Buffalo police officers will receive retroactive raises after the city's control board Wednesday unanimously approved a budget revision advanced by Mayor Byron W. Brown.
Officers will receive 3.4 percent raises dating from July 1, when the state-appointed control board lifted a 38-month-old wage freeze. They will receive an additional 3.4 percent next July and an identical raise in July 2009 under a modification authorized by the fiscal oversight panel.
The raise will cost the city $2.3 million in the first year. While cumulative costs over four years will approach $25 million, Paul J. Kolkmeyer, the new chairman of the Buffalo Fiscal Stability Authority, said the city has demonstrated an ability to afford the expenditures. Increases in state aid will help offset the costs.
The annual one-step increase complies with state law and with provisions set forth in the wage freeze, said control board interim Executive Director Joseph V. Stefko.
But the president of the city police union insisted that officers are owed immediate 10.2 percent increases based on a 2003 contract they ratified that included givebacks in return for raises. Robert P. Meegan Jr. said a 3.4 percent pay increase does little to ease frustrations.
"Officers have still lost tens of thousands of dollars," Meegan said. "They've stolen enough money from officers."
While Brown declined to rebut Meegan's comment, the mayor said he hopes to negotiate a contract that would help to make up for money officers lost because of the wage freeze.
"Our goal is to negotiate new contracts with all city bargaining units, contracts that are affordable to taxpayers," Brown said.
The police union and six other city and school district unions have launched lawsuits challenging the impact the wage freeze has had on thousands of employees. A judge is expected to issue a ruling next week. Kolkmeyer said the control board has some concern about the impact that adverse court rulings could have on city and school district finances.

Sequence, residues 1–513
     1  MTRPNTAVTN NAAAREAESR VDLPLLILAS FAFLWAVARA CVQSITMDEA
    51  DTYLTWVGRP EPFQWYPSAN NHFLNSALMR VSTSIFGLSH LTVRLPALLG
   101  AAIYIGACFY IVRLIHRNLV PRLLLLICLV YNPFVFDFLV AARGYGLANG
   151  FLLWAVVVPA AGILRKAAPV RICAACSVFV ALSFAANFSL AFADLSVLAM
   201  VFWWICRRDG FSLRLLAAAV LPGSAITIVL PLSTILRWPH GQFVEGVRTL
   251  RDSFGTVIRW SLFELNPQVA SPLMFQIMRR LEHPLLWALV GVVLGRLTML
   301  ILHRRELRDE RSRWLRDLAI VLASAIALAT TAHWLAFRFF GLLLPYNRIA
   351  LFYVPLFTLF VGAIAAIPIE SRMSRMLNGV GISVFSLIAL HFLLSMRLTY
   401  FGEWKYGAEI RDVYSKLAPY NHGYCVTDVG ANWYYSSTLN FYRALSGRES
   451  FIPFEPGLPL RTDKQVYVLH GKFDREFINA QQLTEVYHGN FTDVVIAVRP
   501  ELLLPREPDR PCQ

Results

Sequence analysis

Police officers are among the highest-paid city employees. The 3.4 percent raise would increase most officers' salaries by $1,971, to $59,949. By mid-2009, the base salary of a typical officer would be nearly $64,100.
The control board also unanimously approved a $3.1 million contract that paves the way for a citywide expansion of surveillance cameras as crime-fighting tools. The approval gives Buffalo the green light to buy 60 high-tech cameras, software and other equipment from Milwaukee-based Johnson Controls.
Wednesday's meeting was Stefko's first as interim executive director. He succeeds Dorothy A. Johnson, who retired last month. Board member George K. Arthur reiterated his concerns about a decision to give Stefko a $22,000 raise from his previous salary as Johnson's deputy. Stefko's new salary is $102,000, or $8,000 less than what Johnson made.
The board appointed a panel to begin a search for a permanent executive director. But Brown and Erie County Executive Joel A. Giambra -- another control board member -- said they believe that Stefko should be given serious consideration for the permanent appointment.